‘I think this 17-year-old boy is a success story for the centre,’ she noted.
‘He beat up a policeman who was not in uniform and was given a conditional sentence. He came here and we worked with him, focusing on sports activities, which he had been involved in since the age of five or six. Now he is fully engaged in those activities and he is attending school. We decided to recommend the removal of his conditional sentence in consultation with his teachers, psychologists and sports coaches.’
The centre has the capacity to cater for a maximum of 22 and is currently helping 10 young men and one young woman. Activities at the centre are very much led by the youths themselves. Rather than having a set agenda of courses and lessons for the probationers to follow, social workers and psychologists encourage the young people to plan their own rehabilitation, thus building the blocks of self-sufficiency they will need in life.
The young probationers fill in questionnaires providing information on what they would like to learn or what jobs they would like to have and the centre develops individual development plans for each client.
English language and computer lessons are popular choices and are already in progress at the centre, as are driving lessons. One young man expressed a wish to study mathematics and Javakhadze said that the centre will endeavour to find a teacher for him.
Most of the centre’s clients do not wish to go to university but are keen to learn practical skills which could lead to paid employment, such as house painting or window installation.
A key part of the centre’s work, therefore, is finding companies willing to train and work with the young probationers.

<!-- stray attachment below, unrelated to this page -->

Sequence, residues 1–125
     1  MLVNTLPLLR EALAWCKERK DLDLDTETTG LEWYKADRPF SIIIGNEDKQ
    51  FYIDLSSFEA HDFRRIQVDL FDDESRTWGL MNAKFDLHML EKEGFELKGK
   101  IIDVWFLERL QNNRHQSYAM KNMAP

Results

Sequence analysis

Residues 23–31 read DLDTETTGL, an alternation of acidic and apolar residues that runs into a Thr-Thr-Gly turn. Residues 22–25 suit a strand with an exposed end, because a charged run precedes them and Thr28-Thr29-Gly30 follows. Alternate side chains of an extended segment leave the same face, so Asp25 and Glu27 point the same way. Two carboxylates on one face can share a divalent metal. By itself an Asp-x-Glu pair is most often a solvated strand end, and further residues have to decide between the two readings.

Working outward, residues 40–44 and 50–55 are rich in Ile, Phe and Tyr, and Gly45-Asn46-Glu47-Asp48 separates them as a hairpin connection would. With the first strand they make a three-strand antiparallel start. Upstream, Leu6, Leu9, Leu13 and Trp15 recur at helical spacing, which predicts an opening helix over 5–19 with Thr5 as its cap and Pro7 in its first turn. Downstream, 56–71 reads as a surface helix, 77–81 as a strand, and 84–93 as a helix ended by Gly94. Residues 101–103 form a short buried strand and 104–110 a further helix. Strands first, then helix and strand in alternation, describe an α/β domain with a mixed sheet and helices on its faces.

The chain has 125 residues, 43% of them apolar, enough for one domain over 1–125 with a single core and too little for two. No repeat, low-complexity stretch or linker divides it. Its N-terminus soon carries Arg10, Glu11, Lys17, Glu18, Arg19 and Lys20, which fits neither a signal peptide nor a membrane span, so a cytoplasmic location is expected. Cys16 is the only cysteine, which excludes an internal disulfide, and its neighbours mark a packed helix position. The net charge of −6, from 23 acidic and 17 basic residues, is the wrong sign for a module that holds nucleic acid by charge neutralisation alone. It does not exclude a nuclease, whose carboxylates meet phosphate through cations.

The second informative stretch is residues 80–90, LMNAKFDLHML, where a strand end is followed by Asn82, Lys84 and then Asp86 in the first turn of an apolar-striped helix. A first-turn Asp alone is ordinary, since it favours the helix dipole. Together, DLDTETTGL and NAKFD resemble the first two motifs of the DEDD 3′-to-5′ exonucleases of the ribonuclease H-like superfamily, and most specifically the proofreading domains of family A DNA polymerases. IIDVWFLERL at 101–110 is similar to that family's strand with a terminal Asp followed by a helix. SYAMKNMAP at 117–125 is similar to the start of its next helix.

‘When we meet with resistance in this respect, we explain that working with our young people is very important in helping them to integrate into society,’ said Javakhadze, noting that combating the stigma attached to juveniles in conflict with the law is another of the centre’s aims.
‘But some employers don’t even need persuading. They are immediately happy to work with the probationers,’ she added.
Nor does the centre’s support stop at the young people themselves. Staff make a special effort to include their clients’ parents in the rehabilitation programme, holding meetings with them 2 to 3 times a month and also referring families in social and economic need to state agencies or non-governmental organisations who can help them.
Javakhadze and her staff are visibly excited by the success the centre has enjoyed so far: there is a high take-up rate for the centre’s programmes among young people who do a trial period there and positive feedback on the centre’s work from young people and their parents.
‘All the children here are very keen to attend. They don’t want to miss things, they don’t come late, they don’t really want to go home,’ said Javakhadze.
But even before Javakhadze had explained this it was clear from the young people’s ease and openness that the centre is transforming their prospects.
‘I just like it here. We go on great excursions. I have friends here and I like all the people who work here,’ said 16-year-old Dato.
Like his cohorts at the centre Dato seems full of ideas and hopes for the future, largely thanks to the Kutaisi rehabilitation centre and the ongoing changes in the Georgian juvenile justice system.